# The sum of the elements in a field of at least three elements is 0

This statement seems so simple yet I don’t quite know how to start with this proof in a substantial way. Can anybody help me here?

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To even speak of a sum, I suppose the field $F$ is finite. If $f\colon F\to F$ is any bijection, then we can conclude that $\sum_{x\in F}x=\sum_{x\in F}f(x)$. Let $\alpha\in F$ such that $\alpha\ne 0$. Then $x\mapsto \alpha x$ is such a bijection. We conclude that $\sum_{x\in F} x=\sum_{x\in F}\alpha x$, i.e. $(1-\alpha)\sum x=0$. If $F$ has more than two elements, we can pick $\alpha\in F\setminus\{0,1\}$ and are done.

To elaborate:

Why does $\sum_{x\in F}x=\sum_{x\in F}f(x)$ hold if $f\colon F\to F$ is a bijection? More generally, if $I$ is any finite set and for each $i\in I$, $a_i$ is a number (or element of an additive abelian group such as $F$), and $f\colon I\to I$ is a bijection, then $\sum_{i\in I} a_i = \sum_{i\in I}a_{f(i)}$. This is because the summands on the right are precisely the same summnds as on the left and hence equality is guaranteed by the laws of associativity and commutativity. (I suppose this rough reference to merely changed order of addition suffices; otherwise a formal proof is possible by induction based on the fact that the group of permutations of $I$ is generated by transpositions (“swappng two adjacent elements”))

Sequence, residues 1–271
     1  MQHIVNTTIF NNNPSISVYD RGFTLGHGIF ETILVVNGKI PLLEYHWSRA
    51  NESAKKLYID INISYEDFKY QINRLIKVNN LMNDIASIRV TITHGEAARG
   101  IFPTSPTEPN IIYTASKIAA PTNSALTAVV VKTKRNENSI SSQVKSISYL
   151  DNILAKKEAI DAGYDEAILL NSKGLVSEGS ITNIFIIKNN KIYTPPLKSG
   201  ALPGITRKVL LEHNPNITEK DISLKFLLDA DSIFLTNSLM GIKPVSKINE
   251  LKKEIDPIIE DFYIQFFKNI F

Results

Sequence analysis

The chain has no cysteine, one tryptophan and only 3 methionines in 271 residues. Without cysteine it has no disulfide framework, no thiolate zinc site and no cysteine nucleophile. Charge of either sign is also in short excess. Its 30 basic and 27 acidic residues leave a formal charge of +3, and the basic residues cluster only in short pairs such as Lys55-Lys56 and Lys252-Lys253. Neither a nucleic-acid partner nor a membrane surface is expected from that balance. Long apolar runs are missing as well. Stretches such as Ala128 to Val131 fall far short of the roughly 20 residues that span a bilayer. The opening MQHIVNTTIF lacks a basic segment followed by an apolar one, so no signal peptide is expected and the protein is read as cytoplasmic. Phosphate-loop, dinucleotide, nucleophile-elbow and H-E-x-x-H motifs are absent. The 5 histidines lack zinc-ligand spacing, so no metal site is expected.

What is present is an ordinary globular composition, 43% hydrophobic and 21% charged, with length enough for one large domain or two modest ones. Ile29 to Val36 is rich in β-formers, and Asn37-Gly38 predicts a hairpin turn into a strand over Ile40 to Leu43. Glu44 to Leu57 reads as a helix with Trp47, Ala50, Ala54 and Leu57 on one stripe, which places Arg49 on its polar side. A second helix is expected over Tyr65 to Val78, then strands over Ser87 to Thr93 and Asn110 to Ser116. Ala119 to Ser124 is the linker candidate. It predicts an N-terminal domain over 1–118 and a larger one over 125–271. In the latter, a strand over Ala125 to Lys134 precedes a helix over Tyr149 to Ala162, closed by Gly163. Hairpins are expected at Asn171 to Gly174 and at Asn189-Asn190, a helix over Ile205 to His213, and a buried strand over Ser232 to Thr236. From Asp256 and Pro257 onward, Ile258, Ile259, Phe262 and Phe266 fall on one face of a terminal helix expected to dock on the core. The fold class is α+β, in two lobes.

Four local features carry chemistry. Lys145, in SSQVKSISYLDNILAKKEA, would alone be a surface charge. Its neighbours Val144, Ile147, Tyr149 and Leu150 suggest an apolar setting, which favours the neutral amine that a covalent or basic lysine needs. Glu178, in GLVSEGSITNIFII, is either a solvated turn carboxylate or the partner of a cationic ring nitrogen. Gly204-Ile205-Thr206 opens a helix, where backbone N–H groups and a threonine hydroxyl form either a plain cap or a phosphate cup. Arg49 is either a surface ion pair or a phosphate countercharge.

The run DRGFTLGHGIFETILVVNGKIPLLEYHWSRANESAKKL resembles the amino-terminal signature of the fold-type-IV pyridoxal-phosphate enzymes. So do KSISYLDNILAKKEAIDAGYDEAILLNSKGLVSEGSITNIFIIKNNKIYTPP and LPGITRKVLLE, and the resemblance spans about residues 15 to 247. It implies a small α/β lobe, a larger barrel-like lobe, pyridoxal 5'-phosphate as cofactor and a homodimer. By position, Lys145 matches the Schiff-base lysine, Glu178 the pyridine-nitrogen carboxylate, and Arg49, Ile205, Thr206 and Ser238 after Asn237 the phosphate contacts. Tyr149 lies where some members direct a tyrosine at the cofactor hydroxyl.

After this, if $F$ has more than two elements, it certainly has more elements than only $0$ and $1$. Therefore there exixts $\alpha$ that is both $\ne0$ and $\ne 1$. With such $\alpha$ the key steps in the proof above work.
The first condition, $\alpha\ne 0$, guarantees that the map $F\to F$, $x\mapsto \alpha x$ is a bijection (namely with $x\mapsto \alpha^{-1}x$ as inverse map) and so allows us to conclude than $(1-\alpha)\sum_{x\in F} x=0$.
The second condition $\alpha\ne 1$, allows us to conclude that the first factor $(1-\alpha)$ is nonzero, hence the second factor must be zero, i.e. $\sum_{x\in F} x=0$ as was to be shown.

Another approach:

If $\;\Bbb F\;$ is a finite field, then there exists a prime $\;p\;$ such that $\;\Bbb F_p=\Bbb Z/p\Bbb Z\;$ is the prime subfield of $\;\Bbb F\;$, so that $\;|\Bbb F|=p^n\;$ , for some $\;n\in\Bbb N\;$.

But then we know, if we denote by $\;\overline{\Bbb F_p}\;$ an algebraic closure of the prime field, that:

$$\Bbb F=\left\{a\in\overline{\Bbb F_p}\;:\;\;a^{p^n}-a=0\right\}=\left\{a\in\overline{\Bbb F_p}\;;\;a\;\;\text{is a root of}\;\;x^{p^n}-x\in\Bbb F_p[x]\right\}$$

and then the sum of all elements in $\;\Bbb F\;$ is the coefficient of$\;x^{p^n-1}\;$ in the above polynomial….